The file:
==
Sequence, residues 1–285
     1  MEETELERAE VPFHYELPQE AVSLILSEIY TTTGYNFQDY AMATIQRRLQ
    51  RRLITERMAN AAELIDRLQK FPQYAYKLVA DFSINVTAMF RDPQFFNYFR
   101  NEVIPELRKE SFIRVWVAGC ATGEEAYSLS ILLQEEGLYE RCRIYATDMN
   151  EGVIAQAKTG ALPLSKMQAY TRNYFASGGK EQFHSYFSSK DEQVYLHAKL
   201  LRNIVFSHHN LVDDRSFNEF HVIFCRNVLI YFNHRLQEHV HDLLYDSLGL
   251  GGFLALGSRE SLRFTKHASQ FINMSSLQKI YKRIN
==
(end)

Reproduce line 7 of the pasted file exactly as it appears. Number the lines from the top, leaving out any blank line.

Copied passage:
   251  GGFLALGSRE SLRFTKHASQ FINMSSLQKI YKRIN